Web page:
Puerto Rico’s hurricane crisis is a reminder that Puerto Ricans are South Florida’s fastest growing population. Puerto Rican state legislator Robert Asencio has just visited the island - and says the disaster may well mean an even bigger Puerto Rican community here.
When Asencio won the District 118 state representative seat in West Miami-Dade last year he was the first South Florida Puerto Rican elected to the state Legislature in 50 years. That means many Puerto Ricans here are looking to him after Hurricane Maria ravaged every part of the island of Puerto Rico last week.
Asencio, a Democrat, joined Miami Beach Mayor Philip Levine on a visit this week to Puerto Rico’s capital, San Juan. They met with its mayor and delivered water and other badly needed aid.
“We saw flooded streets eight days after the storm." Asencio said Thursday as he met with Puerto Rican community volunteers loading more hurricane aid at a warehouse in Wynwood.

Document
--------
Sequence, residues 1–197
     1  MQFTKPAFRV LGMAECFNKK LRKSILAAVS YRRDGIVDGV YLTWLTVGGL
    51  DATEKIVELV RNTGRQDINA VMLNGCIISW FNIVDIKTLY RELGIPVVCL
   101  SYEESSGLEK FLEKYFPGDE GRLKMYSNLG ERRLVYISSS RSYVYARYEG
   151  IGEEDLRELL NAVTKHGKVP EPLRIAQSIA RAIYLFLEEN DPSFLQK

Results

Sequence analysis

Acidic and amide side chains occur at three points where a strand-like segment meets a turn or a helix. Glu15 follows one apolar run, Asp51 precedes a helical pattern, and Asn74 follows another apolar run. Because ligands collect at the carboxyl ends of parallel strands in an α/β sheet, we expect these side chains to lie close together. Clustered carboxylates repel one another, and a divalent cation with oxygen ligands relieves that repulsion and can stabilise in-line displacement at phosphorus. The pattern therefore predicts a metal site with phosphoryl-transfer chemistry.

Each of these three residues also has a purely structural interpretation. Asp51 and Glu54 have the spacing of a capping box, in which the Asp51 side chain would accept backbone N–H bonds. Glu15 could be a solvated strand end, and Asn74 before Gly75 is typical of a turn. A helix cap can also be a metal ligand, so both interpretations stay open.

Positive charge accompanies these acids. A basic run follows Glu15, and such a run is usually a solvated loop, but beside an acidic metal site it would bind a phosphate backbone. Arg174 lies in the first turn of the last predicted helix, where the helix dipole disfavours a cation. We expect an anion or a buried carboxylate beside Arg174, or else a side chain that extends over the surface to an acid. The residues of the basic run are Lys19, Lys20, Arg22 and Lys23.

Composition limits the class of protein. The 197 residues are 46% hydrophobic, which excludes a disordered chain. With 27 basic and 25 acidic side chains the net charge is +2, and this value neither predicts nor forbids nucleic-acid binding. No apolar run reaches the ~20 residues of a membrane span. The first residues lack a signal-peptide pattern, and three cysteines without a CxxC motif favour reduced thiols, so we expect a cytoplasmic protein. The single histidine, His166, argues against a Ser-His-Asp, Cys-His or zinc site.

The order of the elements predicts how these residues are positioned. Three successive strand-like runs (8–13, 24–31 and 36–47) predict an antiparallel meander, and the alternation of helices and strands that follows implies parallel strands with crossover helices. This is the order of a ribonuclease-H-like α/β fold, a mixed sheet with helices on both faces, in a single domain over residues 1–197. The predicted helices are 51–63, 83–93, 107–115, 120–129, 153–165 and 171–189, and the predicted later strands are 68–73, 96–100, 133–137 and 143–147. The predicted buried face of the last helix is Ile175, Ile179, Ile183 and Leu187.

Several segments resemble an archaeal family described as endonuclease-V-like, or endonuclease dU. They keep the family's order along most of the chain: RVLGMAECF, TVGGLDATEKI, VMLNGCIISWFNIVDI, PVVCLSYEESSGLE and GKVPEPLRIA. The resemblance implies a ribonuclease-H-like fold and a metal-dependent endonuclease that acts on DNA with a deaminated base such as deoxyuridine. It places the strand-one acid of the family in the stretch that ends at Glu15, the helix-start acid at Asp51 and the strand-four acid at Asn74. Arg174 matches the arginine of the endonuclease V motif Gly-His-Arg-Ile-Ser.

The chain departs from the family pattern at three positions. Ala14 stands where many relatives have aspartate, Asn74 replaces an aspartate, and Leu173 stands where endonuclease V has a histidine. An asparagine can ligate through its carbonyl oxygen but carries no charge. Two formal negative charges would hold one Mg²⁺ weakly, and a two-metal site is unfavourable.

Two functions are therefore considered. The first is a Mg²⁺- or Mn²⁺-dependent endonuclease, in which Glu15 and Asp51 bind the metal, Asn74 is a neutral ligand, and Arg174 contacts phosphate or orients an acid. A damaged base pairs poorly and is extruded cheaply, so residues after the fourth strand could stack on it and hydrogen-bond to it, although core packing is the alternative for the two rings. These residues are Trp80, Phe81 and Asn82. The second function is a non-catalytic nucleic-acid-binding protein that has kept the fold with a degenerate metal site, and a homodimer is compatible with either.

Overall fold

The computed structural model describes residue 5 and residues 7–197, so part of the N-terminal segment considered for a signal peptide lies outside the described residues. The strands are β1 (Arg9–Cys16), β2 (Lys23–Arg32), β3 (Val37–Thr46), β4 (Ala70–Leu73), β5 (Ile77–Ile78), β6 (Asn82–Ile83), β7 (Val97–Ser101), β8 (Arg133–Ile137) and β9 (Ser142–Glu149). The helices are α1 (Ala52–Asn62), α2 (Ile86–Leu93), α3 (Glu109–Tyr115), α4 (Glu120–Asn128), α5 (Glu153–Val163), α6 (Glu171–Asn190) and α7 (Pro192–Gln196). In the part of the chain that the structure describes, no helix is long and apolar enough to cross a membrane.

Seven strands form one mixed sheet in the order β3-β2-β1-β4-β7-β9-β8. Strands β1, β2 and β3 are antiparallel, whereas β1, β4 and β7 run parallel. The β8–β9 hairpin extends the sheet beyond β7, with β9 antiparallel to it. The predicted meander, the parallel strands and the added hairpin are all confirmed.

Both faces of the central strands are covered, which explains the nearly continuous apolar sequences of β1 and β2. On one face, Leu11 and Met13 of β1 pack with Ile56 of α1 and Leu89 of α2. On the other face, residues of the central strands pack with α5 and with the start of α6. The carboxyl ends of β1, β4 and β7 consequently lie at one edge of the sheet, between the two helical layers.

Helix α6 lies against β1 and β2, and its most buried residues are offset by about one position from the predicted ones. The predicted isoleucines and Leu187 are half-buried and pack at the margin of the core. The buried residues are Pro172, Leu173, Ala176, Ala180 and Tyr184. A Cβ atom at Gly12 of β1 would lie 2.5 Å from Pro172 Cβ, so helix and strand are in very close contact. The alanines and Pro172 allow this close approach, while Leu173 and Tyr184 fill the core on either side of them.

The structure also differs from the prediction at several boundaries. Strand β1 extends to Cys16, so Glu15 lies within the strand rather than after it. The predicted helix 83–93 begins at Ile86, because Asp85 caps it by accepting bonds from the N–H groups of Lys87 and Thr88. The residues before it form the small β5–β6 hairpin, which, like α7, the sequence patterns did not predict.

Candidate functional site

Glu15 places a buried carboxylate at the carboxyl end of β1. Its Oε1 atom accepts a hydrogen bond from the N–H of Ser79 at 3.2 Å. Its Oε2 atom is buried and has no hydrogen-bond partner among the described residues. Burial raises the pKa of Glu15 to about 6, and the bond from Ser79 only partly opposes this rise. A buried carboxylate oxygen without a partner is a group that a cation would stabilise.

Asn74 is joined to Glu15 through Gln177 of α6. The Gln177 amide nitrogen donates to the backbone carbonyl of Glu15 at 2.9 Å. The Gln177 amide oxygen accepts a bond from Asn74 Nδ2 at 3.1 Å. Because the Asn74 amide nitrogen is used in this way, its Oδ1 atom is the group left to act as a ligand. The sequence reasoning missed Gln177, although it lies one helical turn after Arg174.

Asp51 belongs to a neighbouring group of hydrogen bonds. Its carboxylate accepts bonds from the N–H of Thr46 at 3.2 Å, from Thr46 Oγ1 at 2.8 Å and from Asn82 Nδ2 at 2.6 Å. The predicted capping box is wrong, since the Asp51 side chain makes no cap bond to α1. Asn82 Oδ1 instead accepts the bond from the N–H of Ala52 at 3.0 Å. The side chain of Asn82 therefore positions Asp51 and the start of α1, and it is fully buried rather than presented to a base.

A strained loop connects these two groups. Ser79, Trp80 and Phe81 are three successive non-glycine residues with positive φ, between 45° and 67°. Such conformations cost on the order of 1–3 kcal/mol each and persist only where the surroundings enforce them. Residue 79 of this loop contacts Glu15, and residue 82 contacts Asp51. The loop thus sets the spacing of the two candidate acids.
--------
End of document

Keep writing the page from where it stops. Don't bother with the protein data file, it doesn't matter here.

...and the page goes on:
"About 90 to 99 percent of power is out. Water and sewage is non-existent. Most communication on the island is down. People on the side of the road were standing near cell towers just to see if they can get reception. People will wait three, four, five hours for $10 worth of gas. If they’re lucky.”
Asencio said that dire situation means the Trump administration needs to militarize more of its relief response. But since Puerto Ricans are U.S. citizens, he said the other big concern is an even greater exodus from the island to Florida.
“We need to prepare ourselves for a mass transfer of people," said Asencio. "Many we spoke to on the ground said they don’t want to leave – but how can they stay? Destination of choice: mostly Florida.”
Asencio and state House colleagues have sent a letter urging Gov. Rick Scott to help those potential Puerto Rican migrants relocate.